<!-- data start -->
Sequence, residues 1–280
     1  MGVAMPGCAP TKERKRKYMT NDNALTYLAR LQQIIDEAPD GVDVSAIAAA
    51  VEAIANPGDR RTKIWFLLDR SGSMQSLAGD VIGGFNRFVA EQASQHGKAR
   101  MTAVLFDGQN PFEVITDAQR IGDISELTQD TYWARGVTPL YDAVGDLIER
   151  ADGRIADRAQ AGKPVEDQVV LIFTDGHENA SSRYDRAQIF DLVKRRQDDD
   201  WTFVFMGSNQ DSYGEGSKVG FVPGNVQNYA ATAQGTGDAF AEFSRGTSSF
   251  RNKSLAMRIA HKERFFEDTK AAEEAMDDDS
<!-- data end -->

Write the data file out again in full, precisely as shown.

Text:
Sequence, residues 1–280
     1  MGVAMPGCAP TKERKRKYMT NDNALTYLAR LQQIIDEAPD GVDVSAIAAA
    51  VEAIANPGDR RTKIWFLLDR SGSMQSLAGD VIGGFNRFVA EQASQHGKAR
   101  MTAVLFDGQN PFEVITDAQR IGDISELTQD TYWARGVTPL YDAVGDLIER
   151  ADGRIADRAQ AGKPVEDQVV LIFTDGHENA SSRYDRAQIF DLVKRRQDDD
   201  WTFVFMGSNQ DSYGEGSKVG FVPGNVQNYA ATAQGTGDAF AEFSRGTSSF
   251  RNKSLAMRIA HKERFFEDTK AAEEAMDDDS